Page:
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Is it the right to strike or the privilege to strike? - The gap between International Law and Korean Labour Law on the scope of protection for strikes exemplified by the 2013 rail strike in the Republic of Korea.

Park, Shanai LU (2015) JAMM06 20151
Department of Law
Abstract
This thesis is about the scope of protection for the right to strike. Despite the fundamental nature of the right in protecting the dignity of the worker and achieving social justice, the level of protection of the right to strike differs in different jurisdictions around the world claiming detrimental effects of strikes to the society and different stake-holders. Inspired by the longest rail workers’ strike of 22 days in Korean history during December 2013, the author felt the need to address the issue of the scope of the protection of the right to strike in the Korean legal system.

The purpose of this thesis is to investigate whether the Korean protection of the right to strike is in line with international labour standard with the... (More)
This thesis is about the scope of protection for the right to strike. Despite the fundamental nature of the right in protecting the dignity of the worker and achieving social justice, the level of protection of the right to strike differs in different jurisdictions around the world claiming detrimental effects of strikes to the society and different stake-holders. Inspired by the longest rail workers’ strike of 22 days in Korean history during December 2013, the author felt the need to address the issue of the scope of the protection of the right to strike in the Korean legal system.

The purpose of this thesis is to investigate whether the Korean protection of the right to strike is in line with international labour standard with the attempt to identify and close the gap between the different scope of protections in International Law and Korean Labour Law. In doing so, the study encloses a general comparative legal analysis on the international protection of the right to strike and Korean protection of the right to strike as well as a case study that can exemplify the issues identified.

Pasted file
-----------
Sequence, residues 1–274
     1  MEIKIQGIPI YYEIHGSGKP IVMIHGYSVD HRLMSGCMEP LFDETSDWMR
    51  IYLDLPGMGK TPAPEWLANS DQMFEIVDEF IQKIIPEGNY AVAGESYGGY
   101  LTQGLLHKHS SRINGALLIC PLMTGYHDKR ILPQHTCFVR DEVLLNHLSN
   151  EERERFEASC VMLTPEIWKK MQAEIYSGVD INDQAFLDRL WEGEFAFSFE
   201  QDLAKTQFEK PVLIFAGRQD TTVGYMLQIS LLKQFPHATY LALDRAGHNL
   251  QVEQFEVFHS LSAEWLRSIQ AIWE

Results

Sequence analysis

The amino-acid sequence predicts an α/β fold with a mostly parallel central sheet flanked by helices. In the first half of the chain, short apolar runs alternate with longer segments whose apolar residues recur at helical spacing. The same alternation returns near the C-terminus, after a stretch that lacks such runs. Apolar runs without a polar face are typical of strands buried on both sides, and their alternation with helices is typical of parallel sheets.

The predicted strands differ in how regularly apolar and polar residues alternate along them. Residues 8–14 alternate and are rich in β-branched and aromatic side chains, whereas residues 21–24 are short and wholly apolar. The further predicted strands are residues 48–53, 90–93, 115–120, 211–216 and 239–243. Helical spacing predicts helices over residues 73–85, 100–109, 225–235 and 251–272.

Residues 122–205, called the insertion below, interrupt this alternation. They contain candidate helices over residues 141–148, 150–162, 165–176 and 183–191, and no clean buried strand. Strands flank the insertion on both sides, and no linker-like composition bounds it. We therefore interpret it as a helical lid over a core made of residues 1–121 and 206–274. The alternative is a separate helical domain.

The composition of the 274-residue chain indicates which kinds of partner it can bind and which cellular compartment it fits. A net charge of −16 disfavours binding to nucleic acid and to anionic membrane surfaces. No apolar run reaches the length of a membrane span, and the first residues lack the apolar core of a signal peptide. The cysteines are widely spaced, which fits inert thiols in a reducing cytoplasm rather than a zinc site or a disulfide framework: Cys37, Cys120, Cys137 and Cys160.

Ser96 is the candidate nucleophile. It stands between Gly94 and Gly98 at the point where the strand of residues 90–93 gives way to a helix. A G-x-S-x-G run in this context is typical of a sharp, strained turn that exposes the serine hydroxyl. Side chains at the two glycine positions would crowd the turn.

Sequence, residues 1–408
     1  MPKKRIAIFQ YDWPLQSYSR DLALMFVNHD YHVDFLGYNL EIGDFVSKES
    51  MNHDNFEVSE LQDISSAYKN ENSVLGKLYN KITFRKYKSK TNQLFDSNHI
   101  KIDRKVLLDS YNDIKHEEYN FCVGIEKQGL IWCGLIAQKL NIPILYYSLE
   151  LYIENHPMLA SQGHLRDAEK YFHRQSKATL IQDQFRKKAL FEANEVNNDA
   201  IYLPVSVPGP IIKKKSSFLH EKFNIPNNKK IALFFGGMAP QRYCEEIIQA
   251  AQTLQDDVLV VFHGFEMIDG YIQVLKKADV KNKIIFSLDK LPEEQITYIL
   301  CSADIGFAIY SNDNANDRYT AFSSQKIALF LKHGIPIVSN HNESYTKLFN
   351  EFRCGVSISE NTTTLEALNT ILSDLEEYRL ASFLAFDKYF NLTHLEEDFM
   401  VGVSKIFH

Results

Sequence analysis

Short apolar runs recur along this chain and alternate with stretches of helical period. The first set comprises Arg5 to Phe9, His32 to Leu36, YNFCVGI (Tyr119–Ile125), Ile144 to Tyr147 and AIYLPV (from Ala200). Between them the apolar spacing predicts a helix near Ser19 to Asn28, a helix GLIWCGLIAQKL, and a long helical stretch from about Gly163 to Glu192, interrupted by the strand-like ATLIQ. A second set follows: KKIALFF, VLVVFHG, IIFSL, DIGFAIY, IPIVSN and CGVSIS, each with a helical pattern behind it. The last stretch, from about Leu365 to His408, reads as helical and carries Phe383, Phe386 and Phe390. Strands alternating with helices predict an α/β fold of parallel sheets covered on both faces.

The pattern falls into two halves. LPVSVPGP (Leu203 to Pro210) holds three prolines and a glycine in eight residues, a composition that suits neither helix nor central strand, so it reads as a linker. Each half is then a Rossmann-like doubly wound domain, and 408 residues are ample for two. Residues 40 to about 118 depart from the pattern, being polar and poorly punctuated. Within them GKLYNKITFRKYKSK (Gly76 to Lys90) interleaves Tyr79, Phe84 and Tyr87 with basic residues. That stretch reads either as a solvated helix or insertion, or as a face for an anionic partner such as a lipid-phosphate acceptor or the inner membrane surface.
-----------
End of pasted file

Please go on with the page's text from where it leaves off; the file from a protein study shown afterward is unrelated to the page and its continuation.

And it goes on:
After the study, the author concludes that the Korean protection of the right to strike is not in line with international labour standard, and there is huge gap between the two so as to workers’ fundamental rights are at stake. Indeed, workers shall have a right to strike, not a privilege to strike. To tackle the problem, the Korean government must make a great effort to create and sustain a conducive environment for the promotion of freedom of association and to facilitate the exercise of workers’ right to strike. (Less)
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author
Park, Shanai LU
supervisor
organization
course
JAMM06 20151
year
type
H2 - Master's Degree (Two Years)
subject
language
English
id
7757566
date added to LUP
2015-08-14 10:53:50
date last changed
2015-08-14 10:53:50
@misc{7757566,
  abstract     = {This thesis is about the scope of protection for the right to strike. Despite the fundamental nature of the right in protecting the dignity of the worker and achieving social justice, the level of protection of the right to strike differs in different jurisdictions around the world claiming detrimental effects of strikes to the society and different stake-holders. Inspired by the longest rail workers’ strike of 22 days in Korean history during December 2013, the author felt the need to address the issue of the scope of the protection of the right to strike in the Korean legal system.

The purpose of this thesis is to investigate whether the Korean protection of the right to strike is in line with international labour standard with the attempt to identify and close the gap between the different scope of protections in International Law and Korean Labour Law. In doing so, the study encloses a general comparative legal analysis on the international protection of the right to strike and Korean protection of the right to strike as well as a case study that can exemplify the issues identified. 

After the study, the author concludes that the Korean protection of the right to strike is not in line with international labour standard, and there is huge gap between the two so as to workers’ fundamental rights are at stake. Indeed, workers shall have a right to strike, not a privilege to strike. To tackle the problem, the Korean government must make a great effort to create and sustain a conducive environment for the promotion of freedom of association and to facilitate the exercise of workers’ right to strike.},
  author       = {Park, Shanai},
  language     = {eng},
  note         = {Student Paper},
  title        = {Is it the right to strike or the privilege to strike? - The gap between International Law and Korean Labour Law on the scope of protection for strikes exemplified by the 2013 rail strike in the Republic of Korea.},
  year         = {2015},
}